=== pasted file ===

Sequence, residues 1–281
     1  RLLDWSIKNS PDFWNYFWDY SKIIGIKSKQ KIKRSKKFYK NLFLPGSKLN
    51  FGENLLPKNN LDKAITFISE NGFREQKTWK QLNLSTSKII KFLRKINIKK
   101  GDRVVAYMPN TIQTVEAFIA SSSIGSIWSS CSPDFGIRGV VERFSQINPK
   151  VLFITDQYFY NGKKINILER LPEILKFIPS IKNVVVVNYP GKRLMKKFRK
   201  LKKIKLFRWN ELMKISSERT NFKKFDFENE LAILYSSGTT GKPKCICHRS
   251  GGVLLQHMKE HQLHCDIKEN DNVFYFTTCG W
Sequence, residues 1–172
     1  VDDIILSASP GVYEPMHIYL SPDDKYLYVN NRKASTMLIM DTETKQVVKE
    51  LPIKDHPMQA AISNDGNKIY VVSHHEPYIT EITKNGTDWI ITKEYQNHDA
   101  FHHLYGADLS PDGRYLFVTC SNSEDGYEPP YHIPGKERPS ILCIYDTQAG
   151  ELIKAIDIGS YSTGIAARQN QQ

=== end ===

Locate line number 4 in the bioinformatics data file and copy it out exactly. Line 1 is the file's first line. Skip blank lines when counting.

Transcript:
   101  GDRVVAYMPN TIQTVEAFIA SSSIGSIWSS CSPDFGIRGV VERFSQINPK